The recent events in Uttarakhand have shown, more than ever, that we need a development strategy for the Himalayas that takes into account the vulnerability of the region and the need for environment protection.
We need to think about a pan-Himalayan strategy so that states can evolve common policies based on the region’s natural resources—forests, water, biodiversity, organic and specialty foods, nature tourism – but without adverse effect to the environment.
Forest Preservation: Forests are particularly important for the survival of people in the high Himalayan regions. They depend on the forests for their animals’ fodder and water for agriculture. Forests also preserve biodiversity and prevent soil erosion – vital for the local eco-system. Thus, hydropower and other development projects must not be allowed without compensatory afforestation.
Stop Damming Rivers: Water is another key resource of the region as it flows from high glaciers and mountains to the plains. This resource is both an opportunity and a threat to its ecology and economy. Currently, there is a mad rush to build run-of-the-river projects and dams across the region. All Himalayan states are awarding hydroelectric projects to private companies at a breakneck speed. Uttarakhand, on the Ganga basin alone, has identified projects totaling nearly 10,000 MW of power and plans for 70-odd projects. Their impact of the ecology and hydrology of the region must be seriously evaluated, particularly in the light of increasing extreme climatic events. The funny thing is that all the power will be sold to states on the plain, while the local people are put at risk.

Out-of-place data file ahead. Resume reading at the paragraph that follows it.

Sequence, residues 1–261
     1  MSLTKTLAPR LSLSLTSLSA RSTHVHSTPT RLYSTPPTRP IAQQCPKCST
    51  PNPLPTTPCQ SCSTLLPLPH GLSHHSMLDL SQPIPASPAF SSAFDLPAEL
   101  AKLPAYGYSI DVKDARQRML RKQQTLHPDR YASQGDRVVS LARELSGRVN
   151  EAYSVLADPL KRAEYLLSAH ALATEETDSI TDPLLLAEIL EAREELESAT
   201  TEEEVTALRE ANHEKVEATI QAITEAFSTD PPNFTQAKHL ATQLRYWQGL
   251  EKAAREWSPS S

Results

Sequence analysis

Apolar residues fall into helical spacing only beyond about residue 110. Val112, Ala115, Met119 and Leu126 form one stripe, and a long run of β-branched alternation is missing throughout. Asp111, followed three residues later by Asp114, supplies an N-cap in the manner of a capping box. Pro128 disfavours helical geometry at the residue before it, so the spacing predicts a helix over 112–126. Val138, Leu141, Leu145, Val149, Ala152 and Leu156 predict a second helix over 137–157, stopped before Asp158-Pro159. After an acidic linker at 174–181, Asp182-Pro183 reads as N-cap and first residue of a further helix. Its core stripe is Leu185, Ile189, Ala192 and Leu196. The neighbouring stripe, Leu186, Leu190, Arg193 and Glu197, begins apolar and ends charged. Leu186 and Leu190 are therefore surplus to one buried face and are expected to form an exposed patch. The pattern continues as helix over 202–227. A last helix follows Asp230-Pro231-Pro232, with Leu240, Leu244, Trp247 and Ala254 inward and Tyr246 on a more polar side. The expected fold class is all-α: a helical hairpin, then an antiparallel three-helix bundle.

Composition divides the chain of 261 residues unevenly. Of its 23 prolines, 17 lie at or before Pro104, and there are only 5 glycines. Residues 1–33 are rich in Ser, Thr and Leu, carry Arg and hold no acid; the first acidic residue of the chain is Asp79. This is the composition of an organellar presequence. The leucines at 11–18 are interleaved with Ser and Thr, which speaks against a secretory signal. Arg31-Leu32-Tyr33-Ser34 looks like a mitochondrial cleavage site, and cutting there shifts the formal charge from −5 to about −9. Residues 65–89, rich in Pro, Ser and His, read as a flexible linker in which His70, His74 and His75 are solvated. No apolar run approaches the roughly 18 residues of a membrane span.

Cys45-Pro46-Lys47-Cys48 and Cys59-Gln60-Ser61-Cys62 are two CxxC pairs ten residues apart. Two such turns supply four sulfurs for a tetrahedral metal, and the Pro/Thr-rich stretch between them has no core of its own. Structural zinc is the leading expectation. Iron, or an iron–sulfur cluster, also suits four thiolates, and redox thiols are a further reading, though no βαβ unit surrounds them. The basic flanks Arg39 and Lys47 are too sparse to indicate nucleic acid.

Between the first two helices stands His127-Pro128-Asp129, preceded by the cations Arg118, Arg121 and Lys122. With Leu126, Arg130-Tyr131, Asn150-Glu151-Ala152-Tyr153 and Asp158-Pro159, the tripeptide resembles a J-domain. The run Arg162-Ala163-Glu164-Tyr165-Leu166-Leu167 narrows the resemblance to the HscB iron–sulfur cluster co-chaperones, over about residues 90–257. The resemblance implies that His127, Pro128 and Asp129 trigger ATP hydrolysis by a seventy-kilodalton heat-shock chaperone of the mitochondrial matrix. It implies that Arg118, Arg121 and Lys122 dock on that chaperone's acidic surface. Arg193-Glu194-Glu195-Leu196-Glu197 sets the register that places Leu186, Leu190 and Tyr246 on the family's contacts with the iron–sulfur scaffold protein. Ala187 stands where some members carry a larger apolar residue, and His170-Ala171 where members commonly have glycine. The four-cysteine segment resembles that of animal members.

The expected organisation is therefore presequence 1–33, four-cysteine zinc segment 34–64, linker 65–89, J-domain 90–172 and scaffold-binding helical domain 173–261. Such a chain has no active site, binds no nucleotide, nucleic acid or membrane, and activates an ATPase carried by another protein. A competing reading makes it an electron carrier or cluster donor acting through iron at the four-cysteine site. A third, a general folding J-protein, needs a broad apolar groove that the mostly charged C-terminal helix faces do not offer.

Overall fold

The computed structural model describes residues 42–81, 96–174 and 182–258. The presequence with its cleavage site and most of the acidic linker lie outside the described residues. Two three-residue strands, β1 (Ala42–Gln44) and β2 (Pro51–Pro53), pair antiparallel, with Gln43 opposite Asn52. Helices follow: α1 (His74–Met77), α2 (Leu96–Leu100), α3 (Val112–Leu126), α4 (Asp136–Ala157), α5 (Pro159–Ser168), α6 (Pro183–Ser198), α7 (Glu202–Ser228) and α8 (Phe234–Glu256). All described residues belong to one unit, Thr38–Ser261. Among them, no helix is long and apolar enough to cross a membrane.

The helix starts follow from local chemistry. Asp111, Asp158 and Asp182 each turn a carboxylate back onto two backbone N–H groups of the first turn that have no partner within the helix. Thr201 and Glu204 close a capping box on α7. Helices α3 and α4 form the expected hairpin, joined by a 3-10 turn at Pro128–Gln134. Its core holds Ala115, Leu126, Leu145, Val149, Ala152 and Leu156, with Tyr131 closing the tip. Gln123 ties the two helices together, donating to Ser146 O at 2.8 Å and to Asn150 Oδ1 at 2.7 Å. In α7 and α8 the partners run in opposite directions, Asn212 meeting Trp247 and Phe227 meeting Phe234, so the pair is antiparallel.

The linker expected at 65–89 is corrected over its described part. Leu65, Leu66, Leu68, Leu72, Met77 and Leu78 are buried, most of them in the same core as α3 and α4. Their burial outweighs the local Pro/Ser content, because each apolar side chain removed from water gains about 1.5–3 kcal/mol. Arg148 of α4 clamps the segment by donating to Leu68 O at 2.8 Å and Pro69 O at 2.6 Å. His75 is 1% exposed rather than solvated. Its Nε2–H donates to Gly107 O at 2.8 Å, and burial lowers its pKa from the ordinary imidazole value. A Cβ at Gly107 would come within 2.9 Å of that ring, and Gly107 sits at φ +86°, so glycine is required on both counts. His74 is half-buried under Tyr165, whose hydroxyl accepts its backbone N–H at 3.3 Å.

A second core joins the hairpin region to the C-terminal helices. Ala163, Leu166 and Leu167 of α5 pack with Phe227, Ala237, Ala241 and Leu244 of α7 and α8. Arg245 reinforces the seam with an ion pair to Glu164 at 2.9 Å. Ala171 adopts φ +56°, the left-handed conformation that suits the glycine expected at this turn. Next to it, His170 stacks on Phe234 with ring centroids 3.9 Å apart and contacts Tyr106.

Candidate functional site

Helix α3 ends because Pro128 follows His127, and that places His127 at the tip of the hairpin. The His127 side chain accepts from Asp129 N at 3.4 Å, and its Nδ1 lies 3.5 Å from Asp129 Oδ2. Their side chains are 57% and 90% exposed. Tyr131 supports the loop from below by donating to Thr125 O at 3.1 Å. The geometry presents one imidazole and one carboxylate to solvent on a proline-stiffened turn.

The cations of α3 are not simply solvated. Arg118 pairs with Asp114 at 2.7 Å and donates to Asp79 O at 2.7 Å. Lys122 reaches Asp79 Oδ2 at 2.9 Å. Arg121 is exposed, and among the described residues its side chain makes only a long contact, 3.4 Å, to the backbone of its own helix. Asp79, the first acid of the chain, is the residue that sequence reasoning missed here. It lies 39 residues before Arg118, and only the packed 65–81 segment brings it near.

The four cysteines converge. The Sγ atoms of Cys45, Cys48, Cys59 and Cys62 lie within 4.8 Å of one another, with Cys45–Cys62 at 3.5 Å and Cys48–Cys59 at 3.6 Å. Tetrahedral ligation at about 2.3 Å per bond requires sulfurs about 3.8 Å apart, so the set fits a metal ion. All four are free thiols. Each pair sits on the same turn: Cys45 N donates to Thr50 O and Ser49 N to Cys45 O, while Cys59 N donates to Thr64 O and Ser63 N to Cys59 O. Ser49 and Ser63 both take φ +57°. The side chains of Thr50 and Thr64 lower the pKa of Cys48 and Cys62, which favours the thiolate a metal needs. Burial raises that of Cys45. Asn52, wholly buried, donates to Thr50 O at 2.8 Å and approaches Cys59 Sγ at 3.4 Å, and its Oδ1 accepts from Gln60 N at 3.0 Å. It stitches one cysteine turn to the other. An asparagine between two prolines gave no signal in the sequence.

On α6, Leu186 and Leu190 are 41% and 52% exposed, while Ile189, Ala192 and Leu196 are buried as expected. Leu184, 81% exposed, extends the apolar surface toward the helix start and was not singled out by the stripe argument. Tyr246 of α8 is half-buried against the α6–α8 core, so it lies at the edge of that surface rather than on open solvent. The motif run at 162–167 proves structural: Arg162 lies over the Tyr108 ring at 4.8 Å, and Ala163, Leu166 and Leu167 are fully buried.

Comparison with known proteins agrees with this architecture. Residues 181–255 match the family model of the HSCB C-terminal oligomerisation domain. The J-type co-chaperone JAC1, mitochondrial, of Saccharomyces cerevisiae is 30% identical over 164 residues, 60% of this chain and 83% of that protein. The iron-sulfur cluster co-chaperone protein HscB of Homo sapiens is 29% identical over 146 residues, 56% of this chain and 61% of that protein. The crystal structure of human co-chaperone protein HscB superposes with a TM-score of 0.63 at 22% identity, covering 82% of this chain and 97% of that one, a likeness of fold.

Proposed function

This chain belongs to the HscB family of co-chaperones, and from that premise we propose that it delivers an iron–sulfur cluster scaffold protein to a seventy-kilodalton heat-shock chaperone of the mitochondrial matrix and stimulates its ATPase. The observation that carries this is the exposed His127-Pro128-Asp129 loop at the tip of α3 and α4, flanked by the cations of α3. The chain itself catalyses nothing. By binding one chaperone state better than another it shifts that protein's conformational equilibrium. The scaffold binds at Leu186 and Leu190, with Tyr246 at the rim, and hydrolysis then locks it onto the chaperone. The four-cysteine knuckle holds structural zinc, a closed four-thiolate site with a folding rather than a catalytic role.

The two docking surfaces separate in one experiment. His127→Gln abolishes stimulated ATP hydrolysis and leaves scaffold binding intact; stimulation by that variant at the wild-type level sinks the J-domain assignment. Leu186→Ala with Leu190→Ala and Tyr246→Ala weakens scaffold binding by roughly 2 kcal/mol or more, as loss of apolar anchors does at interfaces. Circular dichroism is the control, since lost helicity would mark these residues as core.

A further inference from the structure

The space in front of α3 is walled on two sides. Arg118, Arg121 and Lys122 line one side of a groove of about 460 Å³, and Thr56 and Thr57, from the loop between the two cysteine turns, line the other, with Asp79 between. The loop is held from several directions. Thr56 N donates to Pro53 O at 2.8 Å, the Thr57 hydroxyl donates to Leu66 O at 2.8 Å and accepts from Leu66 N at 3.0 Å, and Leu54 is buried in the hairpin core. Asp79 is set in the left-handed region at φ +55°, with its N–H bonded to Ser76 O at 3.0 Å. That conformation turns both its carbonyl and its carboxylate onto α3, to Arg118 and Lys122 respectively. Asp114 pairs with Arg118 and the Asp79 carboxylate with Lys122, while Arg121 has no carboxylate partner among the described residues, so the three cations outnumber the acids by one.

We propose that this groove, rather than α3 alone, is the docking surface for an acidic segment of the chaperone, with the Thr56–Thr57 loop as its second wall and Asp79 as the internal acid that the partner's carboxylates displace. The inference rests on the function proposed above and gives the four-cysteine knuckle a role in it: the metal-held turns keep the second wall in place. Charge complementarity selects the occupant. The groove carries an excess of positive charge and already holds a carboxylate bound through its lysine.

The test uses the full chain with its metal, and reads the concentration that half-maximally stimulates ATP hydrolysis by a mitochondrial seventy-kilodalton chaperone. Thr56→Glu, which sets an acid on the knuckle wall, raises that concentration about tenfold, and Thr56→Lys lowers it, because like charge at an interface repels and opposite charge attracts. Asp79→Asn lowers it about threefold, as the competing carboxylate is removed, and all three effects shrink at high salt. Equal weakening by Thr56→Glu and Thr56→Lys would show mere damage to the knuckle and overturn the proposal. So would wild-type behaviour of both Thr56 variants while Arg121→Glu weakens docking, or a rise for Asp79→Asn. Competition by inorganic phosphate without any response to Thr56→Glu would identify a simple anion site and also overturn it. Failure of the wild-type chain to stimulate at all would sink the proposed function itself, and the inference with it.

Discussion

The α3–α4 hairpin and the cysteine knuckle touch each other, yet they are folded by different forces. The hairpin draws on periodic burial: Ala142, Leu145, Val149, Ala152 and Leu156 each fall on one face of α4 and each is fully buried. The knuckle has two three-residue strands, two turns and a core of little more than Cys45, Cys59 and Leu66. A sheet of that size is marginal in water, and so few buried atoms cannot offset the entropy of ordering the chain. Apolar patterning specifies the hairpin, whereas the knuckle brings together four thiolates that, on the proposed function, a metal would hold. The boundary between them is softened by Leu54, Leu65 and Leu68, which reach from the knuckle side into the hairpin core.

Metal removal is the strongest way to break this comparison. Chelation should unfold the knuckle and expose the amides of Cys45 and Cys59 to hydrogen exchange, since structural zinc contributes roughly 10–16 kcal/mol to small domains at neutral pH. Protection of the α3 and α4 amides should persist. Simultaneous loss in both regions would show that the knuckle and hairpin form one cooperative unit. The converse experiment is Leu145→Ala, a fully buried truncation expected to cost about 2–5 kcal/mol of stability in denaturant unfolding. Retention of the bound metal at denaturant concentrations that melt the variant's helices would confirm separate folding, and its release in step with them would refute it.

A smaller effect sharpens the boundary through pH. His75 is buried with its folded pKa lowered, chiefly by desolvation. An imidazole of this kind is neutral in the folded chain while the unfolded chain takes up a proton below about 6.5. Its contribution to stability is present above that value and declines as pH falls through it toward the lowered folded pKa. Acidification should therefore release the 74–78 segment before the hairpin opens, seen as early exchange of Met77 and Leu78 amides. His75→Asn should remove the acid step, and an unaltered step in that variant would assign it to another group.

Promote local agriculture: Himalayan states try to boost their economies using their unique products. They also recognize the need to keep their agriculture organic. Meghalaya was the first to declare itself an organic state; Sikkim followed and Uttarakhad is working to promote green agriculture in the state. But they are facing problems such as difficulties in certification and even forest laws. For instance, Sikkim promoted organic cardamom crop, but discovered that forest laws do not allow cultivation on ‘forest’ lands, even though it is done without destroying forests.
The soil on the hill slopes are deficient in nutrients, so shifting cultivation or considerable efforts to manufacture manure are tried; needless to say, the returns are meager and labor almost completely discounted and undervalued. Thus, there is need to start dialogue on the future of agriculture in this region.
Promote tourism but with safeguard: Adventure and nature tourism, alongside religious pilgrimage are the most obvious route to economic development in the Himalayan states. But this must come with inbuilt safeguards as the ecology is highly fragile. Some common safeguards can be as follows:
- Similar to sanctuaries and national parks, create a provision of buffer areas within 5-10 km, surrounding the pilgrimage sites, where development is restricted.
- Give strict priority to the local community in all economic activities of the tourist or pilgrimage spot. Create local community interest in management of these sites.
- Make it mandatory for the tourists to remove and take back all non-degradable items. This can be implemented through a security deposit and checks at the designated entry points.
- Increase the rate of entry tax charged by all hill towns. More fragile ecosystems should have higher entry tax. The collected fund should be used for creating better and eco-friendly tourist facilities and strengthening the ecosystem.
- Promote homestead tourism, instead of hotel/motel tourism, based on policy incentives.
- Promote reuse and recycling of waste, energy efficiency and renewable energy sources at all hill tourist spots.
- Restrict the number of private vehicles in all fragile areas of the hill towns to reduce both pollution and congestion.